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Discussion in 'Extended Range Guitars' started by ohmanthisiscool, Dec 22, 2017.
I don't even 8 string...so no.
I'd like 28-32 scale length for a 10 myself. I could see how you'd like to go even longer though. My friend has a 30 in scale length agile 10 string and the G# can be a bitch.
Yeah, I would, but definitely not a straight scale, and definitely not 28". I'm actually going to be having a built started soon for a headless 10-string with a 28.5"-31" fanned scale. The plan is to do the top 8 as a drop E eight string with octaves below the B and low E...... should be interesting, to say the least.
Currently have a seven, but the highest I would (and plan to) go is eight. It's got all the versatility and extra range I'd need. Bog standard plus the brown note range, so you can play most anything, that's why drop A is so popular. Anything more and you're probably playing tap-heavy music. I find that most nine/ten stringers either play really out-there forms of metal and fusing other genres, or using two of the strings making spin-kick music lol
no just no
I am comfortable with six and seven string instruments. Eight strings take a bit of mental effort still, but I can manage. The last nine string that I played made me think that I was not quite looking at the face of Cthulu and courting madness. I am sure that a ten string guitar would be on the outer realms of my reality.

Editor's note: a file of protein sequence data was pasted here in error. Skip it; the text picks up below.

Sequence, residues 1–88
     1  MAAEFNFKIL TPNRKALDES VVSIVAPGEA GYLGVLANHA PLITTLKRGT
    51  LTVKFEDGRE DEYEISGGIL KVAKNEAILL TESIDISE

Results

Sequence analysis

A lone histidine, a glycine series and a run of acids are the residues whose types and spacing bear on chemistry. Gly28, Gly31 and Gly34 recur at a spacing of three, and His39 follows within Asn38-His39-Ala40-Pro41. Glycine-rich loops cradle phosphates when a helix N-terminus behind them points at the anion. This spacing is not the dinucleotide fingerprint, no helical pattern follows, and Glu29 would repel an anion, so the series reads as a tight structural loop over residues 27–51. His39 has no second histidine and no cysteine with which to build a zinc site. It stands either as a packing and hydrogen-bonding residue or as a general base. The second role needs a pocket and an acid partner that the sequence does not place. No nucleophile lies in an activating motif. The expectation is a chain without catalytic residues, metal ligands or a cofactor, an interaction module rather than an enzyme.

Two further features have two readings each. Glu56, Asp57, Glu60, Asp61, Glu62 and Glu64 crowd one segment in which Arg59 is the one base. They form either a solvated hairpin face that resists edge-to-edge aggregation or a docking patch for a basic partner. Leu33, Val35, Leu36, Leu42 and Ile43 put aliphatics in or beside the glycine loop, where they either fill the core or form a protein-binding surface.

That all being said, I still think that eight, ten, and twelve string Chapman sticks are cool instruments, but the ten and twelve stringers are tuned very differently to narrow the range and appeal to tapping styles. Getting outside of the normal 4ths tuning and six strings, multi-scale makes so much more sense. Keeping the perpendicular fret pretty low keeps it feeling closer to a straight fret instrument though.
I am sure that I am just reiterating what most here already know.
Would I ten string? Only with a condensed tuning, multi-scale, but not with standard tuning or straight frets.
Has science gone too far?
If you gave that guitar to me, I would really work at thinking of something to do with it, but I agree with the general expectations here that it'd probably not be too handy an instrument in fourths tuning.
At 30" scale, your upper end would probably be around F4, due to stress limits of modern strings. My personal preference for the low end of such an instrument would probably be no lower than C#1, so I'd have to tune it like a standard nine string with an extra high E or maybe a semitone step up to the treblemost string at F.
If you threw some multiscale action on that, maybe 24"-30" and crank the treble string all the way up to A, or 30"-36" and try out a low low G# (not even sure how that'd work, though).
Or else develop either higher density string alloys or ultra high tensile strings to handle either or both ends of those ranges.
I love pushing the limits, but I think it just has to be done earnestly.
If there is some innovation that allows a 10 string to be practical (realistic scale lengths) i would jump.
Till then NO
Basing it on my 9 string with 24.75-29.25 fan low E to high Ab.
I wouldn't want to go wider with the fan.
I've tried a low B at 30" on Bass VI's and it was good with a .120 but not ideal.
The high Ab at 24.75 isn't perfect either though it is safe and bendable a semitone.